So how does this relate to older children and adolescents who require amplification? The purchasing habits of teens with hearing loss are no different than teens with normal hearing. When the time comes for teens to choose new hearing instruments, these and other factors shape the decision. Three groups of people have primary influence: the wearer, the hearing care professional, and the parents.

After reviewing the goals of these three stakeholders, four primary expectations can be identified:

1) Style/size;

2) Technology;

3) Connectivity; and

4) Robustness/durability.

The hearing instrument that satisfies these expectations and supports the lifestyle and audiologic needs of active kids and teens will become their product of choice.

1) Style and Size Considerations

Teens are more self-conscious and harder to please concerning how their hearing instruments “look” than people over the age of 60. To quote one 15-year-old, “Seeing a teenager who wears hearing instruments is like seeing a senior citizen with braces.”

Another teen, Arielle Schacter, shares the following:

I faced the bathroom mirror, trying to recreate a look that I had seen online…I tugged my hair, trying to decide what to do with it. Up or down? Hearing aids visible or invisible?

I couldn’t decide. I didn’t want to be the girl with noticeable hearing aids, but I wanted to look just like Kristen Stewart. Frustrated, I begged the looking glass to help me, “Mirror, Mirror on the Wall, should I let my long hair fall [and hide my hearing aids]?”5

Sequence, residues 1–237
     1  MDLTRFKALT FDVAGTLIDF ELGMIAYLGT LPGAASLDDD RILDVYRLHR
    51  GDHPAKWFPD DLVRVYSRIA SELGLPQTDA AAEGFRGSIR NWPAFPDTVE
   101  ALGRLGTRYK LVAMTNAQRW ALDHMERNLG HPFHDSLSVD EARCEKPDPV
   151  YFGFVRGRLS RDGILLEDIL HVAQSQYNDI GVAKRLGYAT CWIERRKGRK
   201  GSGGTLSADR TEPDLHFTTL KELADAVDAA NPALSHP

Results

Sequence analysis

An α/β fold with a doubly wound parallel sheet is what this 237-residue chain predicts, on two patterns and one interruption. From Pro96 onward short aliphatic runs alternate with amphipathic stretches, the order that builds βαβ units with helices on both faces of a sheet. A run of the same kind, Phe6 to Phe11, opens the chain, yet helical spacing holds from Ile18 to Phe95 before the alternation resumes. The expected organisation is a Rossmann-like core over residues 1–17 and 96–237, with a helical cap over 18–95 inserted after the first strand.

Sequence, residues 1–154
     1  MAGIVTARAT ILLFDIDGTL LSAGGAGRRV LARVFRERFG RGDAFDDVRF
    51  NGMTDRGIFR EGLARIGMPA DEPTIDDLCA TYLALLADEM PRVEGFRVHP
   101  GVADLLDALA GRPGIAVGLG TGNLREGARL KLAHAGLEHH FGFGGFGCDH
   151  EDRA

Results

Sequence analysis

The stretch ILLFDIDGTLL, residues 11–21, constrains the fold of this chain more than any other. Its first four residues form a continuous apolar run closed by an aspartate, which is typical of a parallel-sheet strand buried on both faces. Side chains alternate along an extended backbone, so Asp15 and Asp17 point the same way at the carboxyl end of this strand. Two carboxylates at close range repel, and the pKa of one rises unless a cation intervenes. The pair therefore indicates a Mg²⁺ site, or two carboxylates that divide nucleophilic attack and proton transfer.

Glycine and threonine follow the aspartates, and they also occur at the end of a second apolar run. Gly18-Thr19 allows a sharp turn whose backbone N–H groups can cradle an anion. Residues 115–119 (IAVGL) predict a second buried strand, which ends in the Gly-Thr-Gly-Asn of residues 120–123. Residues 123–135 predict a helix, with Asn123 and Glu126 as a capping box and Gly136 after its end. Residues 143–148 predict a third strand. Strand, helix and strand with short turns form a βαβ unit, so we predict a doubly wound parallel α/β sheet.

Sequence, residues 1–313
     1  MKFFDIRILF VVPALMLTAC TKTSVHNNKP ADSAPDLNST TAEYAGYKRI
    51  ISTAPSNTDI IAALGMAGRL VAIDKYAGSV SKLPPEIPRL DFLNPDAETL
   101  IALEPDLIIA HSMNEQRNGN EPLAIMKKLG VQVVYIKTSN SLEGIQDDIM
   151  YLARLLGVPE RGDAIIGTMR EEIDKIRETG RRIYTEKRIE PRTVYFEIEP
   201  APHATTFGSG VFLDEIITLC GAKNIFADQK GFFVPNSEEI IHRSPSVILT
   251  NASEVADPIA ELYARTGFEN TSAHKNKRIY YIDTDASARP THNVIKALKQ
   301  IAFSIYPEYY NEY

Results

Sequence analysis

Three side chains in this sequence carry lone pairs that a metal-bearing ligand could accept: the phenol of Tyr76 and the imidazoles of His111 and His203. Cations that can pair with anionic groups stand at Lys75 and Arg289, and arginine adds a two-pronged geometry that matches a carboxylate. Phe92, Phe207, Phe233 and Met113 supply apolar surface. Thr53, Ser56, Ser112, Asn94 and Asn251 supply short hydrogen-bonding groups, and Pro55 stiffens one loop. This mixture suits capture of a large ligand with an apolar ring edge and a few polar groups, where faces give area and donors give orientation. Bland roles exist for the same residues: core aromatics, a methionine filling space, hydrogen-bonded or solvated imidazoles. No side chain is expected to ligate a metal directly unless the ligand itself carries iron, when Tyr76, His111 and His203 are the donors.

Arielle is one of thousands of teenagers who reach for their hearing instruments and wonder, “How will I look today?” DeConde-Johnson6 points out hearing care professionals must recognize teens have a strong desire to fit in. They do not want to be known for their hearing loss or hearing instruments.

A teen should feel comfortable with not only their choice in clothes but also their choice in amplification. Choices like traditional behind-the-ear (BTE), receiver-in-canal (RIC), and custom (including completely-in-canal or CIC) are now available in tiny, discreet forms that are still capable of offering an extensive variety of desirable features.

Traditional BTEs comprise 26% of the hearing instruments in the United States sold today. This style is traditionally fit on children as their first hearing instruments, shortly after their hearing loss is identified. BTEs come in a range of sizes, are usually larger than RICs, and may have different features such as locking battery doors, direct auditory input, and brighter color choices.

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Figure 2. Most hearing aids today offer discreet styles with desirable features.

RICs are the fastest growing choice for style of BTE instrument, and currently comprise over 50% of all hearing instruments sold. Their increase in popularity is primarily due to their small size paired with fashionable design, while providing desired power and ease of use (Figure 2).